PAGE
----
Sad thing is, it's not just Ben Moore - all the nationals are starting to behave in the same manner. To the nationals, the big boxes are the future. It's also sad that all one has to do is observe the other nationals who've committed themselves to the box stores to see what direction the future will take them, in terms of product quality and product line depth (think Valspar and Behr - then think Martin Seynour, Dutch Boy, Conco, Pratt & Lambert, Olympic, Cabot, etc.)...Ben Moore, Sherwin, PPG, ICI - all of 'em doing pretty much the same thing.

Times they are-a-changin' and this is one of the reasons I continue to shout from the hill tops that regional manufacturers are the brands most closely aligned with, and dependent on the success of, the local independent paint dealers. Too many independent dealers line their shelves with national brands without even realizing their own vendor may be their largest competitor in their own market...Soon, in many markets, the only place a painting professional will be able to buy product will be either big boxes or national brand company stores (think some companies are high priced now?...)
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Old 06-05-2012, 05:01 AM   #4
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Benjamin Moore changes in ownership, business practices.


I'm less concerned with what the owners of the companies are doing than what the government is forcing them to do. The owners own the companies, and they're free to do whatever they like. If you don't like it, you're free to go somewhere else. If enough people go somewhere else the companies will suffer the consequences of their actions and either change or go out of business. However, the government can coerce, at the point of a gun, a company to do something against its interest, and will, up to and including things that can force it out of business. I don't buy global warming, not at all. But because you do, I'm forced to suffer the consequences of your belief. I have fewer and fewer choices, less and less liberty. And I don't buy the health effects either, as the amount of exposure to paint is infrequent and incidental to the general consumer. If anything, as a pro, I carry that freight with day in and day out exposure. They're both the result of dedicated special interests with deep pockets and a flair for hysteria. If there is enough demand for "green" products the market will respond and provide them.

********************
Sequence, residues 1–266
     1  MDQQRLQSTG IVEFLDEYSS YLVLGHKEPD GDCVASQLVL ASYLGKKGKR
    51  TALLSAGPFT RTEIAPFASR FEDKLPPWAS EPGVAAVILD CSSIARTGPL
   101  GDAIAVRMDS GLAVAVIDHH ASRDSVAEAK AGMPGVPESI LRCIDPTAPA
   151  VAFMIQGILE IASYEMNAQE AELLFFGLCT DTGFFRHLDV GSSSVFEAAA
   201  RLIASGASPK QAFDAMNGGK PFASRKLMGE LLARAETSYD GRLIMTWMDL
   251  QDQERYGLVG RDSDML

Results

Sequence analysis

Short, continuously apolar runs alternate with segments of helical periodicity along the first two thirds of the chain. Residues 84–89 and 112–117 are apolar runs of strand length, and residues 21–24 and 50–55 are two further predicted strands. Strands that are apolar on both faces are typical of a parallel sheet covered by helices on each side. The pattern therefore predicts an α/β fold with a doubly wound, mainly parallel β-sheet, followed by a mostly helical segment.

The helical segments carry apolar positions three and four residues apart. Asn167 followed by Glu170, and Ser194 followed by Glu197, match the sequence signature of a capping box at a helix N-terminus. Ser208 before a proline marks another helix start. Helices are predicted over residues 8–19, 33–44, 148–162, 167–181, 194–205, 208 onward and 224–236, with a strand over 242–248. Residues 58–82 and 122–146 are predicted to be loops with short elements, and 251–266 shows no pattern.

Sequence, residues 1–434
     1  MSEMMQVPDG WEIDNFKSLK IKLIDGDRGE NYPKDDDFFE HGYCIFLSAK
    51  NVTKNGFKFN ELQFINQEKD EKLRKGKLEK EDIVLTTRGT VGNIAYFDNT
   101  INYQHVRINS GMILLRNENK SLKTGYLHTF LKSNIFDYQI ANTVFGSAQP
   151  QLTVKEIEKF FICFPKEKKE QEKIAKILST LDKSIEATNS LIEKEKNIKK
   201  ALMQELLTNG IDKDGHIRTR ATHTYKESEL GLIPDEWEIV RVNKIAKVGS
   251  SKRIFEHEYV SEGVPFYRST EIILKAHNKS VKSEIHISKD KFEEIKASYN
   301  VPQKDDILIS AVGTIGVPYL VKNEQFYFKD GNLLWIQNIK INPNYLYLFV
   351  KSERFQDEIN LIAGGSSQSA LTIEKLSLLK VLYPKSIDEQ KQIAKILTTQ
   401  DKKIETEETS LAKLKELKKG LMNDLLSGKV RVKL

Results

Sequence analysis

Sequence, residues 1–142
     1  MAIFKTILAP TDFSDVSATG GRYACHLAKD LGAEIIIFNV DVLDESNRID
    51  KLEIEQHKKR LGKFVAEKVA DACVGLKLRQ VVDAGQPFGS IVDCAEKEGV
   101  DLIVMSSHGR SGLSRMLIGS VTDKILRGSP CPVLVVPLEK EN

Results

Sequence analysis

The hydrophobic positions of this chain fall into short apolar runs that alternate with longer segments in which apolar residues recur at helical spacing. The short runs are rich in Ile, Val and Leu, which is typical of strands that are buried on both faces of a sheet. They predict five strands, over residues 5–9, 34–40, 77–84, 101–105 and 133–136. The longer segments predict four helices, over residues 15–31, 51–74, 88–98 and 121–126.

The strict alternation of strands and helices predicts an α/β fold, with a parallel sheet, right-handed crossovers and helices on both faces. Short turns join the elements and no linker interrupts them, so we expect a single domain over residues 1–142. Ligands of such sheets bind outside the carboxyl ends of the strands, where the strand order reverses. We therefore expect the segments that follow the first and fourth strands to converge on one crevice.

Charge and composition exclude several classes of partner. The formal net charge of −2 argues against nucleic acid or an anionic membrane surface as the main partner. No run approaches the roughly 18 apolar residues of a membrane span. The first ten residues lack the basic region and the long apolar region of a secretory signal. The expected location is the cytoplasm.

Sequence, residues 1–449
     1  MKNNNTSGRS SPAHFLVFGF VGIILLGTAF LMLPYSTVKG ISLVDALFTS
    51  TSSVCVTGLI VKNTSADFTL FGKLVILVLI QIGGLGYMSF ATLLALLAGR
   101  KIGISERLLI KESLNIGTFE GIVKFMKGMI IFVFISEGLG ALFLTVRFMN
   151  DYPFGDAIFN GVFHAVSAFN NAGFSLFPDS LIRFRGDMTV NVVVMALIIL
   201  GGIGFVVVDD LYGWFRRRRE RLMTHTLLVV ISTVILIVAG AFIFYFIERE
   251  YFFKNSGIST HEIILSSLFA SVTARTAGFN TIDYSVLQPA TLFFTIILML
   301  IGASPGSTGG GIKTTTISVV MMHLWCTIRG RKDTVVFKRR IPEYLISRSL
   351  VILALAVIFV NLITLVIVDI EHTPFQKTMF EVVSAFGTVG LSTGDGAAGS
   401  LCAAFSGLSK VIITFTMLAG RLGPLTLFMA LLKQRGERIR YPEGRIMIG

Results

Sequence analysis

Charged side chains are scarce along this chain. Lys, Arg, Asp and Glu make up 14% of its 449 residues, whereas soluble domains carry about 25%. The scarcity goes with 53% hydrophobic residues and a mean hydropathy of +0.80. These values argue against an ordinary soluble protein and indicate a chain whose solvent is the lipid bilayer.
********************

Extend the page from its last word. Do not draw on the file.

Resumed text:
We bemoan anything "big", but we allow the government to institute regulations that almost guarantee that only the "big" will be able to survive, an economies of scale scenario. Small community banks are slowly closing their doors due to the weight of Dodd-Frank financial regulations, which are also making lending more difficult for banks and consumers alike. As the government becomes more aggressive and proactive with the paint companies, or chemical companies in general, we'll find that the small regional companies, that Ric likes and promotes, will no longer be able to comply and follow the banks out the door. Think critically, it's something we do too little of.